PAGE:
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    Distribution patterns and biomasses of Antarctic krill (Euphausia superba) and ice krill (E. crystallorophias) with note on distribution of Antarctic minke whales (Balaenoptera bonaerensis) in the Ross Sea in 2005

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    Document Number:
    WG-EMM-08/35
    Author(s):
    H. Murase, H. Yasuma, R. Matsukura, Y. Takao, K. Taki, T. Hayashi, T. Yabuki, T. Tamura, K. Konishi, K. Matsuoka, K. Miyashita, S. Nishiwaki and M. Naganobu (Japan)
    Abstract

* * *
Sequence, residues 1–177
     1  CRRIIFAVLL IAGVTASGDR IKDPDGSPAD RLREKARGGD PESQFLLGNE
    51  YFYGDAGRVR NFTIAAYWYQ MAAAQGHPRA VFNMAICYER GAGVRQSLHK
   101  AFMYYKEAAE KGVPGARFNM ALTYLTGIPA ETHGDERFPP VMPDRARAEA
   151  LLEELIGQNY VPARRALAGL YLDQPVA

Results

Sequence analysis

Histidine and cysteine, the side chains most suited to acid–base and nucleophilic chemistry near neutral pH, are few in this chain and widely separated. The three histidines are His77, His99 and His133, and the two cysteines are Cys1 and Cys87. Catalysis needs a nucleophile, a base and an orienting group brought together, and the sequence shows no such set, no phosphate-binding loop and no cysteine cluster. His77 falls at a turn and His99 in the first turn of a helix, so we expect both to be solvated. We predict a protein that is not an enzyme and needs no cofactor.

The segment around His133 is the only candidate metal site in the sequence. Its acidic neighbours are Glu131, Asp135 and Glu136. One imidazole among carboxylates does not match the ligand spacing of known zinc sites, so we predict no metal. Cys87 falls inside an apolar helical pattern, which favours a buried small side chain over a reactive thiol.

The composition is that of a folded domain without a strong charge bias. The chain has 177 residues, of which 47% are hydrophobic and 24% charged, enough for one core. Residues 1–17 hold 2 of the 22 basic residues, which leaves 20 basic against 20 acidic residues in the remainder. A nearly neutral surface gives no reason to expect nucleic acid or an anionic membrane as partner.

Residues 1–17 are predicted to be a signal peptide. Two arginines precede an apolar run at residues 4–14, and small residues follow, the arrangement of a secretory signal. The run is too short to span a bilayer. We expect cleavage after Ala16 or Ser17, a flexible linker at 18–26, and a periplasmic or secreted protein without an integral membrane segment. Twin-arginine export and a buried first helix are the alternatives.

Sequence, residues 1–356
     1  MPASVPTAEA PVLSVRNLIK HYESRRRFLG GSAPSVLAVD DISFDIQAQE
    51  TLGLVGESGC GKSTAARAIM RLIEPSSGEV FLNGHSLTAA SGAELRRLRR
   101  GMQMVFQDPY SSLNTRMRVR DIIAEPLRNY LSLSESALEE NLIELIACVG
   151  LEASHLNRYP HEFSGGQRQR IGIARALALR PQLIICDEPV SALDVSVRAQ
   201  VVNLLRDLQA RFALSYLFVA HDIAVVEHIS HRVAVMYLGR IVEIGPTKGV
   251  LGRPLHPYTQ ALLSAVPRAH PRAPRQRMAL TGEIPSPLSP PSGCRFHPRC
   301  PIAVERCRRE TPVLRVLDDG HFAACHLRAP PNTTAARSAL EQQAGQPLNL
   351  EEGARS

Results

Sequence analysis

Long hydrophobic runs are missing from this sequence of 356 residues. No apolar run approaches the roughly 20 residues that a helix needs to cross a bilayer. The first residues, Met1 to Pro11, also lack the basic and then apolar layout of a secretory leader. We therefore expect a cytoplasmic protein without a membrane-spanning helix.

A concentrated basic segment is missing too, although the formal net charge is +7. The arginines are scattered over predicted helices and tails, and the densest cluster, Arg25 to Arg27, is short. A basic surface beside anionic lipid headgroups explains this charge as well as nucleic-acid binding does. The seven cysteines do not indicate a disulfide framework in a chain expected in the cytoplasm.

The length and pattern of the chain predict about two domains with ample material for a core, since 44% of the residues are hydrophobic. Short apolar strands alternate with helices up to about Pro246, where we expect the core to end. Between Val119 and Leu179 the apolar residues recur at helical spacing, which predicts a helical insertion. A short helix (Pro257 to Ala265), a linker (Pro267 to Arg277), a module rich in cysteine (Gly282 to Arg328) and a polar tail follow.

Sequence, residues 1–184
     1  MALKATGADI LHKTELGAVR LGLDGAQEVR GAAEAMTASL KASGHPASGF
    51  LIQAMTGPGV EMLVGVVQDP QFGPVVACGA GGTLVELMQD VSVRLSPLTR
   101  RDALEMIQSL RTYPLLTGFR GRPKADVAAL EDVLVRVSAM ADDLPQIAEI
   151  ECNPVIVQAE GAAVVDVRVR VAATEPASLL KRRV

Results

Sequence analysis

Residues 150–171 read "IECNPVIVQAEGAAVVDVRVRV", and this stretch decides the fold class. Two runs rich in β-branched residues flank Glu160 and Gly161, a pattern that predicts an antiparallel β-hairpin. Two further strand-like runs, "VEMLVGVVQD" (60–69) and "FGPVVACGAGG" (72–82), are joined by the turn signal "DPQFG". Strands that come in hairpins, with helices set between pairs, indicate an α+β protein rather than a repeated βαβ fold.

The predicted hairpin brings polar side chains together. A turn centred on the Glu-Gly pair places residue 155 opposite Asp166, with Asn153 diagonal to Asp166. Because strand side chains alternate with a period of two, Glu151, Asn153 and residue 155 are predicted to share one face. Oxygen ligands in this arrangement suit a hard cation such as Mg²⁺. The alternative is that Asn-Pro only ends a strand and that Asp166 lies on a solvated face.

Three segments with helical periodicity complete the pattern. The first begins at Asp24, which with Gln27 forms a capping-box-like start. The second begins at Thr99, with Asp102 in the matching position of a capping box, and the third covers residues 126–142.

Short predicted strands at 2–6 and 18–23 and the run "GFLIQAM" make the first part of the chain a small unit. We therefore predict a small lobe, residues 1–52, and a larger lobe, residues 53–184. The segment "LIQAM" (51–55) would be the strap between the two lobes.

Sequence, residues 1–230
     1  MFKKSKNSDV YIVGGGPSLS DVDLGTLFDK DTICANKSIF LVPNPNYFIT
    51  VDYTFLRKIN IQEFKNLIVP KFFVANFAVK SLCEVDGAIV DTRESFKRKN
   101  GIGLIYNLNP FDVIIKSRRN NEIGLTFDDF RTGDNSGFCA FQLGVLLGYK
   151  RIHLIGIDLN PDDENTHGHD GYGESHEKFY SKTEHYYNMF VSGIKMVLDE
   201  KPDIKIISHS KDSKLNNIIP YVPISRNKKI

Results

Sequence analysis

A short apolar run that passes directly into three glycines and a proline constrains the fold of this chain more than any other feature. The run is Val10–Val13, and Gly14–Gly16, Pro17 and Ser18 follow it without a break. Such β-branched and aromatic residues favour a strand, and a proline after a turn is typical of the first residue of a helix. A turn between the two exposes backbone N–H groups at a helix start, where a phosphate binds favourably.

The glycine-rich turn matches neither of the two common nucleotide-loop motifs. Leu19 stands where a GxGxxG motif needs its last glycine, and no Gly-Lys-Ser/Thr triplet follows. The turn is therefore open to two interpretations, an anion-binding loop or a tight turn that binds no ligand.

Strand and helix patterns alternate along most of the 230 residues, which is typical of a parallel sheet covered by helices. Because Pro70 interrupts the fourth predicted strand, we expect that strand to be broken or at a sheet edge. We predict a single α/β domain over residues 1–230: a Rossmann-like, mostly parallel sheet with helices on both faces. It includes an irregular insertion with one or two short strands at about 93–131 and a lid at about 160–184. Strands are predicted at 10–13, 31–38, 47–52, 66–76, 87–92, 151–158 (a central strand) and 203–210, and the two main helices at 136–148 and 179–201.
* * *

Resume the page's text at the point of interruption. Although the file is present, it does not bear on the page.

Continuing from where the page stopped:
Distribution patterns and biomasses of Antarctic and ice krill in the Ross Sea in austral summer in 2005 were studied using a multi-disciplinary survey data set combining cetacean, krill and oceanography data. Two research vessels, KM and KS2, conducted the hydroacoustic surveys independently in the same area. Distribution patterns and length frequency information for two species were obtained from samples of RMT hauls and stomach contents of Antarctic minke whales. Ice krill was distributed on the continental shelf region (shallower than 1000m water depth). In contrast, Antarctic krill was distributed mainly in the oceanic waters where water depth is deeper than 1000m though it distributed on the continental shelf where the mean water temperature between 0-200m was higher than -1°C. The Ross Sea was stratified into two strata based on the distribution patterns of two krill species to estimate their biomasses. Biomass densities of Antarctic krill using KM and KS2 data were estimated as 5.13±7.14 and 2.53±2.25 g/m2, respectively. Biomass densities of ice krill using KM and KS2 data were estimated as 2.58±1.47 and 1.13±0.65 g/m2, respectively. Because there was no significant difference between the biomass density estimates from both vessels, two data sets were combined to estimate the biomass. The biomasses of Antarctic and ice krill in this study were estimated as 1.40 (CV=0.32) and 0.60 (CV=0.18) million t, respectively. School sizes of Antarctic minke whales were large where the densities of Antarctic krill were high. Distribution pattern of Antarctic minke whales in the Ross Sea could be regulated by distribution patterns of Antarctic krill.

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